(WellnessPursuits.com) – Food poisoning is a very serious illness. While healthier adults usually get over it in a day or two, children, older adults and anyone with a compromised immune system can end up with life-threatening symptoms. Some cases of food poisoning are easier to trace back to their source than others, but one thing is for sure — the consumption of ground beef is a huge risk factor.
The Hidden Dangers
So why are we picking on ground beef? — Ground beef can contain several times more illness-causing bacteria than solid cuts of meat. Bacteria most commonly associated with food poisoning and found in ground beef are staphylococcus aureus, salmonella, enterococcus, clostridium perfringens, and seven strains of E. coli.
One study collected a total of 458 pounds of ground beef from a variety of growers and tested them for the most common food poisoning culprits: salmonella, staphylococcus, aureus, enterococcus, clostridium perfringens, and seven strains of E. coli.
All of the samples tested positive for at least some level of fecal contamination. About 20 percent of them contained C. perfringens, which is responsible for about a million cases of food poisoning each year. Ten percent tested positive for S. aureus, and one percent tested positive for salmonella.
Here’s the problem. While there are tons of different types of bacteria living on the surface of solid pieces of meat, most can be killed when the surface is heated to a high enough temperature.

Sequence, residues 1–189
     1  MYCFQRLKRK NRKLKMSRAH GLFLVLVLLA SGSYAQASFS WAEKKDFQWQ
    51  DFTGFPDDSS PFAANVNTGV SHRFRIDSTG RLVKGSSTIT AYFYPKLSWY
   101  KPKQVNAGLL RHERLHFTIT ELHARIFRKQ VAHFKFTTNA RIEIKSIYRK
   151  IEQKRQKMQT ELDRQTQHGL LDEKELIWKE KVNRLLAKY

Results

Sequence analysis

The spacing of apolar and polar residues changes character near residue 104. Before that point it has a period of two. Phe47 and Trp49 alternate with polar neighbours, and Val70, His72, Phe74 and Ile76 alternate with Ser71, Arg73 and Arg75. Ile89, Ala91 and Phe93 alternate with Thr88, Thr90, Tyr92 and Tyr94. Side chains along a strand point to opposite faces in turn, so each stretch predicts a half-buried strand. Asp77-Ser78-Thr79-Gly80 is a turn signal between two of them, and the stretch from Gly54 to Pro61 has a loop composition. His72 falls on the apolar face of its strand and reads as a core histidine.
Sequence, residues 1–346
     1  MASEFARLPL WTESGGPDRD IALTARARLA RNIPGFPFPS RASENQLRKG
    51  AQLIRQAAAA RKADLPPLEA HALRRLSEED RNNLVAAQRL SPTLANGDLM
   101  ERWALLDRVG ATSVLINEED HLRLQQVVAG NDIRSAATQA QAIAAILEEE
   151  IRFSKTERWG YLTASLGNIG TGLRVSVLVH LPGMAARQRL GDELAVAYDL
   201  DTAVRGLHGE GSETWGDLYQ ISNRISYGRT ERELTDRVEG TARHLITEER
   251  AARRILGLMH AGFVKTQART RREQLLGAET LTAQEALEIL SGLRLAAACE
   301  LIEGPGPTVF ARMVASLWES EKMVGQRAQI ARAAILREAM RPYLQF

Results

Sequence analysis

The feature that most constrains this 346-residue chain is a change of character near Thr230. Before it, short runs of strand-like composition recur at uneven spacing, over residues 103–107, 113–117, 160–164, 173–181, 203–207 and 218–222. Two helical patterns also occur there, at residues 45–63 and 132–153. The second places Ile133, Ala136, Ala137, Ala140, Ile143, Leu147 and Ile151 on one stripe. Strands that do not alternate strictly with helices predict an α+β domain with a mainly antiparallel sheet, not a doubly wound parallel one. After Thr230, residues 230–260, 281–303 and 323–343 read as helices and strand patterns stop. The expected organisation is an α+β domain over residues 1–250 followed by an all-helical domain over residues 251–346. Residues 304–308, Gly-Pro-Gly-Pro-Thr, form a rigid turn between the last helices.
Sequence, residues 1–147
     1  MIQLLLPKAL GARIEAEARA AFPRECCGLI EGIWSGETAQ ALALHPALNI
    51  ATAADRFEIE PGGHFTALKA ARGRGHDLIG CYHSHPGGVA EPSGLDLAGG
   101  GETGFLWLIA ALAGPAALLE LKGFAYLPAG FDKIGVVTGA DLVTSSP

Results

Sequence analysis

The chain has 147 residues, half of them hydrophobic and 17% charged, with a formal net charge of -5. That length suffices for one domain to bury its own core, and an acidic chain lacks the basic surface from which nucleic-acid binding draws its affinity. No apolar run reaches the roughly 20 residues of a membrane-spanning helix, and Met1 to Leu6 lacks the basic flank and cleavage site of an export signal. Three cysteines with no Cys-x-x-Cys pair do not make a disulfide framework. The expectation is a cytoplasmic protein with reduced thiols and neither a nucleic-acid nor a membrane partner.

The problem with ground beef, specifically, is the bacteria-laden “surface” ends up mixed throughout the meat, no longer just on the exterior. One sick cow can contaminate numerous packages of meat, leaving bacteria behind on equipment as well. As a result, the bacteria end up reproducing in areas that will never even touch a frying pan. At the end of the day, that means a medium-rare burger is not anywhere as safe to eat as a cut of steak cooked to the same internal temperature.
The Source Matters
The study we looked at also scrutinized the role farming practices had in meat safety, comparing the bacteria collected from antibiotic-treated cattle with those that had been sustainably farmed.
They found “conventionally” farmed beef typically had more bacteria, and that those bacteria were more likely to be resistant to antibiotics. In fact, 18 percent of the conventional samples tested positive for superbugs compared to nine percent of sustainably farmed beef.
Three even contained the S. aureus strain responsible for MRSA, an antibiotic-resistant form of staph!
Sustainably farmed cattle are less likely to harbor these bacteria, and even less likely to spread antibiotic-resistant infections, than traditionally farmed cattle.
Conclusion: Please Read Before You Eat Your Next Hamburger:
No matter where you shop for meat, the risk of contamination will always exist. You can reduce your chances of getting food poisoning by always heating your hamburgers to an internal temperature of 160 degrees Fahrenheit. For added protection, buy your meat in solid cuts and consider grinding it a home and cooking it fresh.
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